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How does lack of accessible transport within Wales drive young professionals out of their communities and contribute to rapid decline of towns and villages? Nuriya Aliyaskarova draws on her interviews with young people and a social work activist to gain an insight into the relationship between poor transport and population decline, and how people are negotiating tensions between attachment to their roots and their need for work.

Features by masters students from the School of Journalism, Media and Culture (JOMEC) at Cardiff University, commissioned and published as part of our sponsorship partnership with JOMEC.

  Cardiff University 
Left: Rob Williams. Right: waiting for the train. All images © Nuriya Aliyaskarova.

Left: Rob Williams. Right: waiting for the train. All images © Nuriya Aliyaskarova.

Rob felt quite bitter about his new white shoes, which he managed to muddy as he was getting off the 64 bus from Cwmllynfell, and rushing to make it to the X6 bus that would take him to Neath, from where he would take the train to Cardiff, and from Cardiff Central station, it would only be a twenty-minute bike ride to his place… But Rob missed the connection, and was not quite sure when the next X6 bus was coming, and whilst sheltering himself from the unexpectedly heavy rain he was thinking about all the reasons he decided to leave the Swansea Valley in the first place six years ago.

He had only recently finished college then and was working freelance. He couldn’t quite find common interests with friends from school and distracted himself by learning French to escape the boring reality of having only a bakery, a local shop and a pub in his hometown. He used his free time to go to Europe and travel, but when the time came to find a permanent job further afield, he couldn't help but want to keep his close links to his family.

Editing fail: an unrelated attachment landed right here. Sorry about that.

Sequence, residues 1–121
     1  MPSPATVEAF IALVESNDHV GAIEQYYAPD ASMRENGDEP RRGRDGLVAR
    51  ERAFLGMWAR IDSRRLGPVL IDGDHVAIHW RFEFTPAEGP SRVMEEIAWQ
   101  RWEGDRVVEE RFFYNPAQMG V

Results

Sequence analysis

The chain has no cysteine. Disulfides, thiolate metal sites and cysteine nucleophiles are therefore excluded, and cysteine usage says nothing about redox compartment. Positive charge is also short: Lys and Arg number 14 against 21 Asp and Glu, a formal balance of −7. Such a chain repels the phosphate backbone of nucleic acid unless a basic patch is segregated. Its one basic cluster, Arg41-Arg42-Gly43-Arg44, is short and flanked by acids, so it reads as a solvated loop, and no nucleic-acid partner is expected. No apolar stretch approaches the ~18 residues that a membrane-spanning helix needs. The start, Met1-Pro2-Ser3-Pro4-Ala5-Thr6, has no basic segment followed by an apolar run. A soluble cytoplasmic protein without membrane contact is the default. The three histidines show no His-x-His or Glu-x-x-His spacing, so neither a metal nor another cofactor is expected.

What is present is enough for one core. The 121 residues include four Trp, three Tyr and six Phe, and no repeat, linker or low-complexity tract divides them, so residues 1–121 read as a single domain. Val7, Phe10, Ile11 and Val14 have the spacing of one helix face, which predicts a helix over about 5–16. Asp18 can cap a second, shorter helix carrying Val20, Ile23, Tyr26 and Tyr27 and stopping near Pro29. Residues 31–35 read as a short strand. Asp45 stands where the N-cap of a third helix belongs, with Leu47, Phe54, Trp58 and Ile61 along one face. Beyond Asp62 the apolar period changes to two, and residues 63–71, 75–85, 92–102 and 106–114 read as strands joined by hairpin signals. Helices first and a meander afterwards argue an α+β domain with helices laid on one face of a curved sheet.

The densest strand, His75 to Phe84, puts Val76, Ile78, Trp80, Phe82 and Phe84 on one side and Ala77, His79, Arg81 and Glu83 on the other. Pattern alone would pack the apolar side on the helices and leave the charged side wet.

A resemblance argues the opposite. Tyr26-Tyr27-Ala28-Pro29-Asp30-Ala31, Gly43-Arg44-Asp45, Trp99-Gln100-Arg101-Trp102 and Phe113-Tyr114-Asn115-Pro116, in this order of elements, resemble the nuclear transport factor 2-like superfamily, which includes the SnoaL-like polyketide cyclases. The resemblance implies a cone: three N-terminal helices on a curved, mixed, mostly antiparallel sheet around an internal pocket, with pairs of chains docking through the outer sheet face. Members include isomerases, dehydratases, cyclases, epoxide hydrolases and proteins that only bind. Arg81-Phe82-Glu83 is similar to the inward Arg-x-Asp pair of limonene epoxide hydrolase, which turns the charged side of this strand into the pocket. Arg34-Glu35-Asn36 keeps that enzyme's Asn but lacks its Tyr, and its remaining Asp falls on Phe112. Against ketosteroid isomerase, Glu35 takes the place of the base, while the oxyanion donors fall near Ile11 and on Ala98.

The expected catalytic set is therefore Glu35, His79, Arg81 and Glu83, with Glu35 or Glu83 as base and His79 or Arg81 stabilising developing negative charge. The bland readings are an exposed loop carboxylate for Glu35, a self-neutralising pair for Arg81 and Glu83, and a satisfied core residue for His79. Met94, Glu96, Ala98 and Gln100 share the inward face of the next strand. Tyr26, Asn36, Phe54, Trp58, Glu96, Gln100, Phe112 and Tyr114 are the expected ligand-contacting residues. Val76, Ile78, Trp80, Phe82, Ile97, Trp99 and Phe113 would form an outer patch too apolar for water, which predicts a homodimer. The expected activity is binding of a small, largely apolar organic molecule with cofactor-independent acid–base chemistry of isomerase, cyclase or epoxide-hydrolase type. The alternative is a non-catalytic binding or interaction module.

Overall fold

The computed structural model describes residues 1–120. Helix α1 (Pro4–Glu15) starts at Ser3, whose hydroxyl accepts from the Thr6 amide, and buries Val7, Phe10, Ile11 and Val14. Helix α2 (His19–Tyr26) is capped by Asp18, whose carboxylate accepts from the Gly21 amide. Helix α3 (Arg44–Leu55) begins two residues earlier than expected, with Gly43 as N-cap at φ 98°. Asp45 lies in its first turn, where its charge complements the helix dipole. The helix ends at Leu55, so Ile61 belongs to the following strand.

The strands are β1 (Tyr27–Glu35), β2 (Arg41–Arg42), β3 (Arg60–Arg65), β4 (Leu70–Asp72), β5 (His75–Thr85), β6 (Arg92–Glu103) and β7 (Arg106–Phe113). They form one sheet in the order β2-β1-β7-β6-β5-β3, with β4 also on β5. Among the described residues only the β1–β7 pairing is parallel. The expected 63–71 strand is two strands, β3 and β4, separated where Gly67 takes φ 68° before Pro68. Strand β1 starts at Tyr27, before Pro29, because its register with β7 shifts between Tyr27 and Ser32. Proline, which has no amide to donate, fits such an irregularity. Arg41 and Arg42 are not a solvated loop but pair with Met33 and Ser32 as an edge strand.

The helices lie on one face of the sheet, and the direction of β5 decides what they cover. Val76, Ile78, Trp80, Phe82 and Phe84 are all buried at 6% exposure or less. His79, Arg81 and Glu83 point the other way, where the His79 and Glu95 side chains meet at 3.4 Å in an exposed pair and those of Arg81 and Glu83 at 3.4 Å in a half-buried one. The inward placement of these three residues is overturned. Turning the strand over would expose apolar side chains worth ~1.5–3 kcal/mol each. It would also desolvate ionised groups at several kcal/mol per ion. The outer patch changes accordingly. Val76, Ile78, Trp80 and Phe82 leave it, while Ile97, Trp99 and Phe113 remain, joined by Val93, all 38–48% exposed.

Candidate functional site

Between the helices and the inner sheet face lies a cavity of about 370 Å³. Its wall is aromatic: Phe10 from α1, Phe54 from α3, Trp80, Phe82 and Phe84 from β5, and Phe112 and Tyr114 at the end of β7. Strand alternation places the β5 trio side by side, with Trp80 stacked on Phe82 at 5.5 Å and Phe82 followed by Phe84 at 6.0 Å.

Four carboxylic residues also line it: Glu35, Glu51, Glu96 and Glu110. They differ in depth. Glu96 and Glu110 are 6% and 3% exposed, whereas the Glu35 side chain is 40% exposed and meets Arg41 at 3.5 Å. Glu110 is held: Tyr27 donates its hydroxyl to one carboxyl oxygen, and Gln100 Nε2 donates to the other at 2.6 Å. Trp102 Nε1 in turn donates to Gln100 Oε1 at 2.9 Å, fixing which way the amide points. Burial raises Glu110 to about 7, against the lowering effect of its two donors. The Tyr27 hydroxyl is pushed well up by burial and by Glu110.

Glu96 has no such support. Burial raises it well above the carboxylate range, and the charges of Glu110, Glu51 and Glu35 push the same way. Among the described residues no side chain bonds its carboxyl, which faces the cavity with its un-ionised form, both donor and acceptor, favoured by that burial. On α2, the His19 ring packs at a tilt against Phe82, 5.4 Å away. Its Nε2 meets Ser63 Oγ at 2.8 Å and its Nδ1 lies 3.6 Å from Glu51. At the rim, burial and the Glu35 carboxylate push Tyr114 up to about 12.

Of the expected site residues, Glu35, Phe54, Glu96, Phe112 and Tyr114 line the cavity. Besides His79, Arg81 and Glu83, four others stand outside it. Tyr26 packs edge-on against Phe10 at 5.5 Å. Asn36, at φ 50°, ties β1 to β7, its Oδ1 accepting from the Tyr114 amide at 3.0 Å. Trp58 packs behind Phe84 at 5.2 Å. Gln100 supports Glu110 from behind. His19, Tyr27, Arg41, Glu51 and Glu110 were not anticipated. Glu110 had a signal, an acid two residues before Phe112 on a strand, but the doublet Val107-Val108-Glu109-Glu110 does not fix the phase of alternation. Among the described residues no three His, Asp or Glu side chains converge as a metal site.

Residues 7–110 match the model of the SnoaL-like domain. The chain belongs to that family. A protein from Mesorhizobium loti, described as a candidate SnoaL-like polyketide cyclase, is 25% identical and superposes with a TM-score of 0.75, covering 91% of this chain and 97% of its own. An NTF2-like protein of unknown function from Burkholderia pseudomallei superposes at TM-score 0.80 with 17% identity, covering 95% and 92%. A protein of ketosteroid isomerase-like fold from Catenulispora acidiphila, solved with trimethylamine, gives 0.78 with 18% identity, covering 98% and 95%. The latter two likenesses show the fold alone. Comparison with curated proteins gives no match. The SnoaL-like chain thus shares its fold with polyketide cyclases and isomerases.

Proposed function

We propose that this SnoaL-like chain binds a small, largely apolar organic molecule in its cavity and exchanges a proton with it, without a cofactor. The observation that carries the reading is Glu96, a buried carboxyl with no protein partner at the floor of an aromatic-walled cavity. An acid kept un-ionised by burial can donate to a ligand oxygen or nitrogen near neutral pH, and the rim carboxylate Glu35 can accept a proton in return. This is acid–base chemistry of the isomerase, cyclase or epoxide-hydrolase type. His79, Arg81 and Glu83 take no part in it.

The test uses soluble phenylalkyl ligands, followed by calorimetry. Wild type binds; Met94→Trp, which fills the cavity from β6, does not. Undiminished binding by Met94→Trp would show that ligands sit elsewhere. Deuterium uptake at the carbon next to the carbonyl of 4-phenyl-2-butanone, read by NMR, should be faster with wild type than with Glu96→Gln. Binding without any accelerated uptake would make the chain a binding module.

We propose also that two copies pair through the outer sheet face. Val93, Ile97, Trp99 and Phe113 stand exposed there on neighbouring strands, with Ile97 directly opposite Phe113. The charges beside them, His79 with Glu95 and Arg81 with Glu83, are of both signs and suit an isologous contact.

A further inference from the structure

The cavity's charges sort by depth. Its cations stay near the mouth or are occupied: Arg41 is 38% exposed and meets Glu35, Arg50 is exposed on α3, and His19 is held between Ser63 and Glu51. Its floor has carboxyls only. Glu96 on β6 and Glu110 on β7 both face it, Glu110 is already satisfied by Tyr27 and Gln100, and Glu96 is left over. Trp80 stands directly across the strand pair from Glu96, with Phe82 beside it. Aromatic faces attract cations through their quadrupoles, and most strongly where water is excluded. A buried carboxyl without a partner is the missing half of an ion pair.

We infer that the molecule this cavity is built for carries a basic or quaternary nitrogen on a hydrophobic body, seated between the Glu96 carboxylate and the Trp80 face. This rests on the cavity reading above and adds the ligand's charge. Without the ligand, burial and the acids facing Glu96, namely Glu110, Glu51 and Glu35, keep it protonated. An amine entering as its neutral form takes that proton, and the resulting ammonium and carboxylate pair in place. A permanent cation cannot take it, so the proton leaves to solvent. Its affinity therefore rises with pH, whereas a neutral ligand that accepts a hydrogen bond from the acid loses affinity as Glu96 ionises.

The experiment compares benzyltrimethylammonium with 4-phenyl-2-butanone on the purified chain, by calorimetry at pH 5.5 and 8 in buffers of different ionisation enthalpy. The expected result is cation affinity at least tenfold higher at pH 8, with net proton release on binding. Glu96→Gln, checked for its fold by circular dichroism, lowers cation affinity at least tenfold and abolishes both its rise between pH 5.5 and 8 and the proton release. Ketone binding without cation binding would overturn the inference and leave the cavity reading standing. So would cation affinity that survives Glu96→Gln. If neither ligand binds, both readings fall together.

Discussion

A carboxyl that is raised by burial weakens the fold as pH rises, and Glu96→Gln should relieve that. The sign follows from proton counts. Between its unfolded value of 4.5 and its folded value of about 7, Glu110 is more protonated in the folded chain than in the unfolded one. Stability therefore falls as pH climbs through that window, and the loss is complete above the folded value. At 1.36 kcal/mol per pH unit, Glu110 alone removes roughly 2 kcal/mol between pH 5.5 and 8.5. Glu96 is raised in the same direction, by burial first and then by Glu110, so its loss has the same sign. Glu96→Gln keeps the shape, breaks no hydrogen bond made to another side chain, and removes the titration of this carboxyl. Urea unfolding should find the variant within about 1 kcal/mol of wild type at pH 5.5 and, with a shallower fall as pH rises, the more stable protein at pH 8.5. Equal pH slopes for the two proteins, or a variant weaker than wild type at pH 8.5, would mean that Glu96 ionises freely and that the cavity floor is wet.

Rob enjoyed the wider cultural horizons of Cardiff and was lucky to get a well-paid job in the Welsh capital. Now every time he goes home to see his parents, he is reminded of the inner conflict of having a strong Welsh-speaking identity and wanting to live at home but also how very sparse opportunities are in many communities.

'The public transport links are awful, except for one bus in the morning and one in the evening, but they may not even come. If you don't have a good steady or at least feel part of something, you are going to have a miserable life… I could never ever move back there,’ says Rob.

The Neath Valley includes many villages similar to Cwmllynfell, and although the county itself recorded a slight increase in population in the 2021 census.

'In my opinion it is up to the government to change that. At the moment they don’t prioritise us at all: normal people will just move to Swansea, or Cardiff, or Bristol or London. We are just an afterthought if that. I can't even see it changing, unless there is someone who is ready to represent us and our communities,’ says Rob.

Without the ability to travel effectively between areas by public transport, young Welsh people at the beginning of their career stop seeing the appeal of staying in Wales, aside from in the larger cities. If they want to return to their roots later to raise children, the challenge of infrastructure remains.

This is a problem found throughout the country: ‘You can’t really travel in Wales. In terms of nation-building, if you like, there is a lot to be done still: to connect different communities and allow young people to use those links. For now the rail transport and even buses are quite irregular,’ says ex-director for social services for Ceredigion, and social work activist Sian Howys.

While Rob does not see himself returning to Cwmllynfell, he misses a sense of a tight community and doesn't want to forget his roots. This drove him to attend a weekly Welsh language and culture group in Cardiff called Sgwrsio yn Cymraeg. Soon he took over managing the events at the club and is working hard towards popularising the use of Welsh language among Welsh learners and speakers in everyday situations.

'Growing up, I took Welsh for granted, but when I moved to Cardiff I barely used it. So, you know, it fell wrong. The older I got, the more I grew to appreciate how much it gave me, so I wanted to meet more people like me … Most people are similar to me, they all grew up bilingual and they just love the feeling of being able to use the language socially outside of school and away from family,’ he says.